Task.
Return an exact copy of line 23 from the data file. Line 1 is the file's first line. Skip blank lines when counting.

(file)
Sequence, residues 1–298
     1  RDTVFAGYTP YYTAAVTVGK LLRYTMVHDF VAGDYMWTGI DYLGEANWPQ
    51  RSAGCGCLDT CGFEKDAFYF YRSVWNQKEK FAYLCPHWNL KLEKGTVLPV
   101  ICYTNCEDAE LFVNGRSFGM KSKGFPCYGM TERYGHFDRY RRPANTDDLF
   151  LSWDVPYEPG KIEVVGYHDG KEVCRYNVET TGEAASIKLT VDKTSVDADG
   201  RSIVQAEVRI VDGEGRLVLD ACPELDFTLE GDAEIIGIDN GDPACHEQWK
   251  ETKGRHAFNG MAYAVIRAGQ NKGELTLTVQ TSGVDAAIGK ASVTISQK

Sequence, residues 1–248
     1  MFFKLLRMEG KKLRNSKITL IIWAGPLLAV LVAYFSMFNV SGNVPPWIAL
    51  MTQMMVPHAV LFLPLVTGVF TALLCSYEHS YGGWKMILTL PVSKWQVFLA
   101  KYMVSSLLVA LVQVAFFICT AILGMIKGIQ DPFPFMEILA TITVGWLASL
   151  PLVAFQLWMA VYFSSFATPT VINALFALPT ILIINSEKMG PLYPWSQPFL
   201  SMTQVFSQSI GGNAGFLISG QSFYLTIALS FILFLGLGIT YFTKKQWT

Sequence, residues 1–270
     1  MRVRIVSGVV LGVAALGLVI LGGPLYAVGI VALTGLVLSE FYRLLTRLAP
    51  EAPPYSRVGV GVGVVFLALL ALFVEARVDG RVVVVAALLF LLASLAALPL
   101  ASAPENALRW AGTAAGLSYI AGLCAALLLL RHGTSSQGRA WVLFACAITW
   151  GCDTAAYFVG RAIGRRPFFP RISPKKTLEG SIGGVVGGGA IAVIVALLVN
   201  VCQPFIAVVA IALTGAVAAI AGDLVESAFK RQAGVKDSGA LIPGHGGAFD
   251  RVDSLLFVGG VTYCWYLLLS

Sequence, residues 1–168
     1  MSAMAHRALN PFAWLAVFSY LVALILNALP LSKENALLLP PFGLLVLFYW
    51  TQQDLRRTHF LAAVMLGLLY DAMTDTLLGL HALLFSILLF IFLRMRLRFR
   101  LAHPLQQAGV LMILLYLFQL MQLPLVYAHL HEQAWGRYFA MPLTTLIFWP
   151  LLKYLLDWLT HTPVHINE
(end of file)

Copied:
    51  TQQDLRRTHF LAAVMLGLLY DAMTDTLLGL HALLFSILLF IFLRMRLRFR